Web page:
The standing committee of the US Senate Daily Press Gallery has decided not to move forward with Breitbart’s application for permanent press credentials. The website’s temporary passes will expire at the end of May. The committee was concerned about Breitbart’s many conflicts of interest inside the White House, as well as “the fact that Breitbart is now without a managing editor entirely.” In a statement, the website said that they are “unequivocally entitled to permanent Senate Press Gallery credentials and is determined to secure them.”
The New York Times talks to science-fiction novelist William Gibson, whose upcoming book explores the attempts of Londoners in the twenty-second century, after “decades of cataclysmic events have killed 80 percent of humanity,” to interfere with the history of an alternative 2017 San Francisco, in which “Hillary Clinton won the election.” Gibson said he began writing the novel before the 2016 election, and that the results forced him to reconceptualize the whole book. “I assumed that if Trump won, I’d be able to shift a few things and continue to tell my story,” he said. “It was immediately obvious to me that there had been some fundamental shift and I would have to rebuild the whole thing.” Agency will be published by Berkley next January.
Greek-yogurt maker Chobani is suing Infowars’s Alex Jones for defamation, after articles and videos on his site “falsely linked the company to child rape and a tuberculosis outbreak.” The company says that Jones has ignored repeated requests to remove the offending articles. In a statement, Jones blamed the lawsuit on George Soros, citing White House and Congressional sources. “I’m not backing down, I’m never giving up, I love this,” he said. “They have jumped the trillion-pound great white shark on this baby.”
Variety’s Maureen Ryan looks at the making of Hulu’s adaptation of Margaret Atwood’s The Handmaid’s Tale, which premieres today. Elisabeth Moss says that she was drawn to the show due to the timely nature of its story. “It is not the distant future and it is not the distant past,” she said. “It’s now.” After the trailer was released, Atwood said that people asked her if it was a documentary. “Not quite yet,” she responded.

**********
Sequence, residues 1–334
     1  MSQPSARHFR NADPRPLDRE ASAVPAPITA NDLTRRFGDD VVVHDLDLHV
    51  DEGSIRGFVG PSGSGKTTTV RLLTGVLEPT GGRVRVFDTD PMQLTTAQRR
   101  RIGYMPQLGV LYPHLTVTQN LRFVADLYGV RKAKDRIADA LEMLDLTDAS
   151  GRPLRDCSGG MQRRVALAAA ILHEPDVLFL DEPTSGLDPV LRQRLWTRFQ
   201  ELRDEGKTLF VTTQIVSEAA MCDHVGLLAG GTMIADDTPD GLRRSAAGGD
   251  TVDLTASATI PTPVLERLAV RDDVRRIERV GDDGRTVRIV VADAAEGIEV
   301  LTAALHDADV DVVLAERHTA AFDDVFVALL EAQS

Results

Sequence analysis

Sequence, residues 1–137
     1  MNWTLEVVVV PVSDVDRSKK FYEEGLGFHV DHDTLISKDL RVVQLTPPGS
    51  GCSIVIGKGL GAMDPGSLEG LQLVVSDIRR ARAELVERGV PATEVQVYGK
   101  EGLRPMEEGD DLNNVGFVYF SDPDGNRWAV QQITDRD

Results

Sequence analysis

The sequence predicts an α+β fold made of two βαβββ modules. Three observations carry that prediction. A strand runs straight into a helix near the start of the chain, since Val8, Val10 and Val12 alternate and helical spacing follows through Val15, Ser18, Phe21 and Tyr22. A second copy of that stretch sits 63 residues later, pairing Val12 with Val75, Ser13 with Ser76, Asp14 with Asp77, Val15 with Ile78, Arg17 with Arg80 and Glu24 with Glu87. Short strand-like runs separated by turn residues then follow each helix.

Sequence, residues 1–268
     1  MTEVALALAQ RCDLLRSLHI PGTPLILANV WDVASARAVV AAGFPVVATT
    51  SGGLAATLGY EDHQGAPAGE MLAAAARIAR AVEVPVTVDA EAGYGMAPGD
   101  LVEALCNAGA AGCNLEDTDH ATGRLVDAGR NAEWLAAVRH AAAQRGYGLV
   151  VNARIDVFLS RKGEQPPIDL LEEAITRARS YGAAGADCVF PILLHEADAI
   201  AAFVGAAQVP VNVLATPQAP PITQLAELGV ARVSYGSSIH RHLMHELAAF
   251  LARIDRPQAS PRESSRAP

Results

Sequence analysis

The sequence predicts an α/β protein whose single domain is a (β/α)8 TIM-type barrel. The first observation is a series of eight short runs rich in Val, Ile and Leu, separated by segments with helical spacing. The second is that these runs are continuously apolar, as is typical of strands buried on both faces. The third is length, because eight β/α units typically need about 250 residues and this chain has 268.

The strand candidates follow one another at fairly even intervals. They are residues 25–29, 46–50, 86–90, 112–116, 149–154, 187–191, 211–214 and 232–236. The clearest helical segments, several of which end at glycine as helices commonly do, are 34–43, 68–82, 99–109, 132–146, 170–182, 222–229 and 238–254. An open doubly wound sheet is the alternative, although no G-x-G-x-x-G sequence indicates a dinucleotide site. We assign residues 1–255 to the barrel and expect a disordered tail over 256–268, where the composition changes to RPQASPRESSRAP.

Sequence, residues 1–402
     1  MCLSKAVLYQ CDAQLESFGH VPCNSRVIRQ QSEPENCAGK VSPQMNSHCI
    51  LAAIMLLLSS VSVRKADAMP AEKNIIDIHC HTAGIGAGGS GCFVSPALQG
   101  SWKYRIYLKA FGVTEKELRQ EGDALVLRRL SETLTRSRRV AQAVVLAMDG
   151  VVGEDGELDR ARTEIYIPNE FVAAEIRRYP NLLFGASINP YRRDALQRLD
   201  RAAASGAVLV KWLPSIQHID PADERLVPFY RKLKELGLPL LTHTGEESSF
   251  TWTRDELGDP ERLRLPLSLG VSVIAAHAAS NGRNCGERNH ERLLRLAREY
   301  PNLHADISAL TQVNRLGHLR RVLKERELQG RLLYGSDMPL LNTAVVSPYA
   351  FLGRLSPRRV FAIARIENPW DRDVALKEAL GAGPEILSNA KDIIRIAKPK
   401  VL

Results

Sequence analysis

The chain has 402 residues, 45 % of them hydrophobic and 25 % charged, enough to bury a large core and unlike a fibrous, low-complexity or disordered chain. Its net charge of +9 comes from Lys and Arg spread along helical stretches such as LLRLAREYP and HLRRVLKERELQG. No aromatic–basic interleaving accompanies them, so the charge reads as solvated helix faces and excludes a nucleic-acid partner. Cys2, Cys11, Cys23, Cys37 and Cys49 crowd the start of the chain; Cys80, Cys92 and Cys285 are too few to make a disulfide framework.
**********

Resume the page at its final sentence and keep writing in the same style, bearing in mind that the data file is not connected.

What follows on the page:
Farhad Manjoo looks at Facebook’s changing attitude toward the problem of fake news. Manjoo first visited Facebook headquarters in January, before Trump’s inauguration. At that point, CEO Mark Zuckerberg was still skeptical that his company had any responsibility toward the issue. “Echo chambers were a concern,” Manjoo writes, “but if the source was people’s own confirmation bias, was it really Facebook’s problem to solve?” A month later, Manjoo was invited back to Facebook’s offices, which look “less like the headquarters of one of the world’s wealthiest companies and more like a Chipotle with standing desks,” to discuss a draft of Zuckerberg’s manifesto for fixing Facebook’s fake news problem. Manjoo notes that at that point, Zuckerberg was still unsure about the plan. “He had almost as many questions for us . . . as we had for him,” Manjoo writes. “When I suggested that it might be perceived as an attack on Trump, he looked dismayed.”